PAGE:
4.Controlling for complexity requires a cradle-to-grave analysis of the transformation landscape. Leaders must identify tools, processes, governance structures, and entities that must go or get cycled out before introducing new ones.
So. Hey, Tarik, thank you so much for taking part in this Aim10x knowledge interview. I'd like to start by asking you to introduce yourself and what you do. Sure.
Absolutely. You know, first of all, thanks for having me here. Very happy to be speaking with you and looking forward to our chat. So a little bit about me.
Well, I am an Organizational Effectiveness (O.E.) Manager at Estee Lauder Companies where most of my work is focused on global supply chain transformation. I help enable this work by working cross-functionally with internal as well as external partners and by really looking through the lenses of go to market. How we are structured as an organization.
How we are developing and leveraging our capabilities. And I would say an important part also is how we are setting our people for peak performance learning, but also growth, right? Before joining ELC, what you probably know is a large and global organization with footprint I think around 150 countries and territories or so. My past work experience was historically oriented towards working with smaller teams, and startups on agility, product development, innovation and customer discovery.
Really all with the goal of helping them transition from the bootstrap or proof of concept state to more of a value generating and market acceptance state. Now I can double click on this because I know it's somewhat of an interesting topic and we could come back to it later in the conversation if we have time. But a zoomed out overview of what that really means is a lot of the work that I did with these teams was to help them focus on hacking the value of their product and their services before investing time and money and energy and hacking growth. Now, this might sound a little bit counterintuitive to some people, but it's the best way to really isolate the value proposition signal from the noise.
Anyway. So like I said, we could come back to this later if we have time. And I'm happy to drill down on it a little bit more. But to finish the original question around the bio, I am a certified Scrum Master and a certified Scrum product owner.
And so you automatically see that I'm not really what you would call a traditional organizational effectiveness practitioner but I actually see this unorthodox background as a benefit. We will definitely touch upon some of those things, I think, in the upcoming questions. But thank you for for bringing that up. I'm very intrigued to hear about your background and how that's also feeding into the work that now you're doing as an organizational effectiveness manager.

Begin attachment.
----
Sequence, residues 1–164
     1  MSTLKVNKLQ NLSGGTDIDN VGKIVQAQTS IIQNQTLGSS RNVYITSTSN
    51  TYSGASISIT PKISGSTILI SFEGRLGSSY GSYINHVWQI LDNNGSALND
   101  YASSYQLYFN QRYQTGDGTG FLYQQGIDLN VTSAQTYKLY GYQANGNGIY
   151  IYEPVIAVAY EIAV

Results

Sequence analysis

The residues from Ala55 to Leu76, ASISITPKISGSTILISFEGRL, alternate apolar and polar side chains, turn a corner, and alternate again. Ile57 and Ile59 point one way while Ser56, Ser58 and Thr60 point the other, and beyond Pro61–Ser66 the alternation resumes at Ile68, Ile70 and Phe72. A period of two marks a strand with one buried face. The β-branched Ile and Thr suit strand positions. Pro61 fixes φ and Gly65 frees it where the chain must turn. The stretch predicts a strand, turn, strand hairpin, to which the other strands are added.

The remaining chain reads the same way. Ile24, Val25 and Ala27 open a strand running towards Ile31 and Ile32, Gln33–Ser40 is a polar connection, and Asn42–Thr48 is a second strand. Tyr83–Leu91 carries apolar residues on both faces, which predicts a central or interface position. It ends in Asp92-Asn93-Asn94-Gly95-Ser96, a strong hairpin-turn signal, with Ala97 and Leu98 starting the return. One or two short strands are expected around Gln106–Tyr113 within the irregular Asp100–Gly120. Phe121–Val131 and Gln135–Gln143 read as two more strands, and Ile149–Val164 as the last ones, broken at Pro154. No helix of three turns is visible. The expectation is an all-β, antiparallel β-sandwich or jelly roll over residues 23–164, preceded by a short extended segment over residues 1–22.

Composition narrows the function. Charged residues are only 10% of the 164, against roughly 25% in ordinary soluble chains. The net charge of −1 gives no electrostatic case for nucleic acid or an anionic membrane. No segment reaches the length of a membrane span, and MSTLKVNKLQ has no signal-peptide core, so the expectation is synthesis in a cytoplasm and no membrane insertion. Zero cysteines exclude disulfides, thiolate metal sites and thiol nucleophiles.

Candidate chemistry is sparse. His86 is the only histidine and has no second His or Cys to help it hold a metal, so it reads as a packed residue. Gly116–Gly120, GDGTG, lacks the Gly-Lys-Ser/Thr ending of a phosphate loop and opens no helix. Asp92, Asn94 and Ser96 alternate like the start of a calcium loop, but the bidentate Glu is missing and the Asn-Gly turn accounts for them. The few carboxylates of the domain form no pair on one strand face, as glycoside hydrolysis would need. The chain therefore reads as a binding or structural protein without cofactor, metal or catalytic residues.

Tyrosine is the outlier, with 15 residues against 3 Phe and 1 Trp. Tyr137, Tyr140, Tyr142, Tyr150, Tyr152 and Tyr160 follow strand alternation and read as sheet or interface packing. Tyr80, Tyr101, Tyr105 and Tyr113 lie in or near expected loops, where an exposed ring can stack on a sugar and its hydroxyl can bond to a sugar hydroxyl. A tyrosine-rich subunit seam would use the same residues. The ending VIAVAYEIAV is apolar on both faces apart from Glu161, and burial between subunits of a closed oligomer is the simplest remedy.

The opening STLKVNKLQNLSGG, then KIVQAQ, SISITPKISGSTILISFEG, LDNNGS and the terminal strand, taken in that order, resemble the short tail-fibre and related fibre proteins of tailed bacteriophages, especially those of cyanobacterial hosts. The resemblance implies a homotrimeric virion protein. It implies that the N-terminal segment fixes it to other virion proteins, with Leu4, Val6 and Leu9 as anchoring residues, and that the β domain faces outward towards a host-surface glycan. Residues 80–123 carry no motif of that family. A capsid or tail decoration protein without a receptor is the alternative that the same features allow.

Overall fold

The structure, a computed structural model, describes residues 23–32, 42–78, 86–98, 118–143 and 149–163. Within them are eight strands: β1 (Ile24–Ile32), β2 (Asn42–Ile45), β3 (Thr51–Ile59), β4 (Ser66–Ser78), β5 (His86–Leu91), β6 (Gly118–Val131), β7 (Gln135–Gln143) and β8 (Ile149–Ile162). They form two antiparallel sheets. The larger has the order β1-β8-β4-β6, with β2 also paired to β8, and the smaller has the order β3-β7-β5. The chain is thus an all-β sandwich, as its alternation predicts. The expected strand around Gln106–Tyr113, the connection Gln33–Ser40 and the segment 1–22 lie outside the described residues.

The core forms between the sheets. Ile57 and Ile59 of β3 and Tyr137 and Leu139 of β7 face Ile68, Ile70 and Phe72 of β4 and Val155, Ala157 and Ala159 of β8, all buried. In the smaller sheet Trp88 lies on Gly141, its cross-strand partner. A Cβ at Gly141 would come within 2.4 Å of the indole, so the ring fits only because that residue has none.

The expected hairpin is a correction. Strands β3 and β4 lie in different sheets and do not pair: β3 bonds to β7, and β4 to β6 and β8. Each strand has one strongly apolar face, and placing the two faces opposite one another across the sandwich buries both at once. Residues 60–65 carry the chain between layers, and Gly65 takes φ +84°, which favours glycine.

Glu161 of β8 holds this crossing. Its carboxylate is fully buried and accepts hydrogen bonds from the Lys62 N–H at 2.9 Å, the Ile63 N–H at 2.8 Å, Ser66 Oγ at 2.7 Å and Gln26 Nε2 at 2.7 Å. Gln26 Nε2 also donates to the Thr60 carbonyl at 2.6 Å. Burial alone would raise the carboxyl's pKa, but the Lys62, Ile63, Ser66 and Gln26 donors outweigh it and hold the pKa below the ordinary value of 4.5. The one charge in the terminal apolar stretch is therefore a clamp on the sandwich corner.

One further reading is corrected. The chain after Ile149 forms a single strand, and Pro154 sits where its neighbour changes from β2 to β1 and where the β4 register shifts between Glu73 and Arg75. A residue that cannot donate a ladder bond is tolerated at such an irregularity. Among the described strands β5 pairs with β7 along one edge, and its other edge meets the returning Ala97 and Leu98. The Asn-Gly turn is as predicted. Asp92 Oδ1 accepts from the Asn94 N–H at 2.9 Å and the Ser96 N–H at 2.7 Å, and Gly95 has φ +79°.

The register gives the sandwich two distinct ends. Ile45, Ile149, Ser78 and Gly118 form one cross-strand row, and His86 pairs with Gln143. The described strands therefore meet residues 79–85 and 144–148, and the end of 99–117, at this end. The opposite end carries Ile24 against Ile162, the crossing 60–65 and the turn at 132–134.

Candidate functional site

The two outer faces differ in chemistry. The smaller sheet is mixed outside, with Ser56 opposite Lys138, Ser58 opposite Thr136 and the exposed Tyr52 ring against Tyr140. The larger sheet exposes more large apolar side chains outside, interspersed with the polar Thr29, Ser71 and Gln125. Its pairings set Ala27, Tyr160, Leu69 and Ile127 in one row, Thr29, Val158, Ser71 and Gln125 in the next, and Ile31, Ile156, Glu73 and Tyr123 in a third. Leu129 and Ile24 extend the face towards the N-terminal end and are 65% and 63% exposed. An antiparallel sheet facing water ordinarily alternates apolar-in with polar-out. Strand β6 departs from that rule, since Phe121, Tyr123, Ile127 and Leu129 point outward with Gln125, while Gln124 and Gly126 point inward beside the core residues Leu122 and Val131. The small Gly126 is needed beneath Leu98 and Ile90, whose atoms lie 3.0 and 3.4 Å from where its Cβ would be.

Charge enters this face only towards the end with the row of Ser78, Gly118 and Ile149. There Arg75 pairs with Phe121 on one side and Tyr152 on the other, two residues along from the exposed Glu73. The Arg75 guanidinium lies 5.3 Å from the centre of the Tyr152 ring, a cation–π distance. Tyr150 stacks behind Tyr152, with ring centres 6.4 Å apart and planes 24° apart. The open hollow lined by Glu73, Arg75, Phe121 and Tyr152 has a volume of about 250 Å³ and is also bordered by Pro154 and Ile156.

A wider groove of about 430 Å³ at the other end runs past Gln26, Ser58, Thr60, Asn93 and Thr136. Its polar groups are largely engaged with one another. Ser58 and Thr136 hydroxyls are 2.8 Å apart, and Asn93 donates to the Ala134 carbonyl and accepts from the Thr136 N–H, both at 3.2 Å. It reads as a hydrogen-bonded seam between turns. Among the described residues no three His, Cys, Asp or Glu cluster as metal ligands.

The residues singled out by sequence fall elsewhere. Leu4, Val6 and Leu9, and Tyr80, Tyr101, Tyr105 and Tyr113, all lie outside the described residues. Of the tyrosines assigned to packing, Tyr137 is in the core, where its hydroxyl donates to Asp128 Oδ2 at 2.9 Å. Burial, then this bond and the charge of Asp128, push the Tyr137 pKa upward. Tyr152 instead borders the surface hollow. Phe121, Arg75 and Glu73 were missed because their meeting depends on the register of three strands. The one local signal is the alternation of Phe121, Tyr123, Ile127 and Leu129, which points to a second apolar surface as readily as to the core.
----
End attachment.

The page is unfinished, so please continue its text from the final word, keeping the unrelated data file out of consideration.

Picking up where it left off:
And so what's come up
in some of your work that I've read about and I've heard is this idea of the human centric approach to digital transformation. It seems as if that's kind of the red thread through a lot of the work that you've done. So I'm curious, could you elaborate on the role that this plays for projects to succeed? That's a very insightful question.
I do talk about it a lot. It is true. But, you know, let me put it this way. Transformations essentially are undertaken because either a team or business unit or an organization wants to reach a future state.
So there is a destination to reach of sort. Okay. Now, the main three pillars that you always hear that O.E and Change practitioners are trained on is whenever undertaking a transformation you have 3 things to really take into account: People, Process and Technology.
So I'll start with the Process and Technology and I'll go back to the People afterwards. And I'm going to try to speak in generality here. Just kind of setting the scope of the conversation. The Process and Technologies obviously you have to be robust, have to be effective, have to be sustainable.
And there is a lot of different methods to guardrail on how to ensure that. But here's where I make the turn. You can create, iterate and implement processes and technology without much need for workforce engagement or motivation, buy-in, education or training. And I say this because these things are to a large degree, systems, routines, mechanisms or procedures, if you will.